Plastic Alternative : Israeli start-up devises way to convert used nappies into green plastics

diaper garbage nappies trash used baby bag bathroom bin cal change container diapers dirty disposable disposal dump dumpster ecology environment feces female garbage can mother nappy newborn pail parent poop recycling rubbish separate separation shit smelly stained stench stool throw away throw out utilized waste wet woman
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UBQ Materials is researching a way for turning common household waste into sustainable plastics.

The Tel Aviv based start-up is set on developing a material out of the likes of paper, mixed plastics, food residue and dirty diapers that could serve as a substitute to conventional plastic, wood and concrete.

This material could then be incorporated in multiple products, ranging from bricks and pipes to furniture, auto parts and shipping pallets.

According to data sourced from the World Bank, each year around 2 billion tonnes of household waste is generated. Annually, 70% of it is openly dumped or sent to landfill. This figure is set to grow by a further 70% in 2050. Waste disposed of in this way tends to generate methane, a climate pollutant with a significant warming potential-as such, over 20 years, one tonne of methane causes 72 times more warming than one ton of carbon dioxide.

UBQ Materials plans to address this problem by eliminating minerals and metals from household waste, shredding the remainder to its molecular building blocks (ex. sugar and cellulose) and then reassembling and binding the organic waste to thermoplastics, that is, plastics that can be remoulded for use in other products.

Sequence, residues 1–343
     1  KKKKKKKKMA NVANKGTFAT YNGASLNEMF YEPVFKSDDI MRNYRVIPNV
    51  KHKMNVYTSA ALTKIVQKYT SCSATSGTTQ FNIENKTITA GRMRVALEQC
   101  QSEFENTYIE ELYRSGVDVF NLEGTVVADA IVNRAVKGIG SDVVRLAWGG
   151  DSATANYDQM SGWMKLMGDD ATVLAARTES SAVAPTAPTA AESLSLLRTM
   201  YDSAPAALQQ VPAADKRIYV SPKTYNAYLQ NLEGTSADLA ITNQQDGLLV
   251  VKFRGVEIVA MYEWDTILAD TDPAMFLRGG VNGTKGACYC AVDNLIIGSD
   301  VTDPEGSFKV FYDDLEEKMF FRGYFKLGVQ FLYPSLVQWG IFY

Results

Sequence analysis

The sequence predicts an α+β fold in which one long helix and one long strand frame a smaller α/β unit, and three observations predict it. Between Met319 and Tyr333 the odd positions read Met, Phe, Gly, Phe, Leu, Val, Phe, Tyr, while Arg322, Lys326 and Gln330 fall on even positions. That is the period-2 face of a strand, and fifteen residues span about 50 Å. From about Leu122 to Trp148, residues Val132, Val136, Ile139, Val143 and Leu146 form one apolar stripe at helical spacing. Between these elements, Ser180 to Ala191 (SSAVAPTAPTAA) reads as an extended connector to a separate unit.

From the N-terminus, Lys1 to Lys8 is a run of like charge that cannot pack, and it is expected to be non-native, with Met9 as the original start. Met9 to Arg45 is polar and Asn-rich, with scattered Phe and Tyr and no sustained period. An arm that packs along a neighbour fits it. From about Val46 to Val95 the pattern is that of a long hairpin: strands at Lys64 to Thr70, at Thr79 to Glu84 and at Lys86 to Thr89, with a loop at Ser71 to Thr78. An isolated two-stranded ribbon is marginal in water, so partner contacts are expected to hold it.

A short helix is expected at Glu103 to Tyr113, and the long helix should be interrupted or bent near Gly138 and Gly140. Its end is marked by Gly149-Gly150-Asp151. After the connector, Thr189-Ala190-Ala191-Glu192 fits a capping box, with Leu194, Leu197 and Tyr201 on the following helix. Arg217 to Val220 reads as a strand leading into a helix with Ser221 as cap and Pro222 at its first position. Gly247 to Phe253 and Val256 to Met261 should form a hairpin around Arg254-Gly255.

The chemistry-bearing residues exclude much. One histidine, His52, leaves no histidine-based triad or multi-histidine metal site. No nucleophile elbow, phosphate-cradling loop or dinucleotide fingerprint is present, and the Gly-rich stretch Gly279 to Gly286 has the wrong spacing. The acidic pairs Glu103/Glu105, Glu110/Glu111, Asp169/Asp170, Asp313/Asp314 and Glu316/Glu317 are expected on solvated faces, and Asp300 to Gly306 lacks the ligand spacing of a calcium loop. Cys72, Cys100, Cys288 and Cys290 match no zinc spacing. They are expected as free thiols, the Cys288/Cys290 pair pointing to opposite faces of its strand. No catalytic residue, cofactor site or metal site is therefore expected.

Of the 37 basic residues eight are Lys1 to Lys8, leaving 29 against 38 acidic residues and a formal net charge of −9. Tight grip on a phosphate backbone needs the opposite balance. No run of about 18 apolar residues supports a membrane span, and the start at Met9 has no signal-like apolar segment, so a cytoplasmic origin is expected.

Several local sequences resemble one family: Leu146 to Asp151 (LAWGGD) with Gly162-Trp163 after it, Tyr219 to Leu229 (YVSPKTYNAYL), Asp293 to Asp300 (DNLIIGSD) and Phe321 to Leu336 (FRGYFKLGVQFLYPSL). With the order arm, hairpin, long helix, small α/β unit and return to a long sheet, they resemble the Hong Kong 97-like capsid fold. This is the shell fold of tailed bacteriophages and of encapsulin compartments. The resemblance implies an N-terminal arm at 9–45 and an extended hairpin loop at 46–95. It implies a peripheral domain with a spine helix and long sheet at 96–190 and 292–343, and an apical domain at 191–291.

The Israeli company says that its patented material does not only present a way of lowering methane emissions but also a way to prevent the leaking of hazardous chemicals into groundwater.

UBQ is also keen on combatting the plastic crisis.

In a trial with global fast food chain McDonalds, the company is trialling the use of 7,200 of its bespoke serving trays. These are set to replace conventional plastic trays currently in use in 30 select Brazilian McDonald’s restaurants, with the first stage of the trial hoped to eliminate more than 3,000 kg of carbon.

UBQ is also involved in the transformation of household bin bags into new products sourced from sustainable thermoplastic.

The Israeli-based clean-tech company will also be building its first full-scale production facility in the Netherlands. Upon completion in 2022, UBQ intends to produce 70,000 tonnes of its bespoke thermoplastics each year.

Yet thermoplastics alone will not spell the solution to our current plastic crisis.

The World Economic Forum’s Global Plastic Innovation Network (GPIN), an open collaboration platform designed to harness the power of technological innovation in the fight against plastic solution, suggests a holistic approach.

The network proposes the implementation of sustainable planning across the whole plastic value chain, going from initial product design to waste management and recovery to the compilation of comprehensive data on the subject as well as the crafting of audience engagement strategies.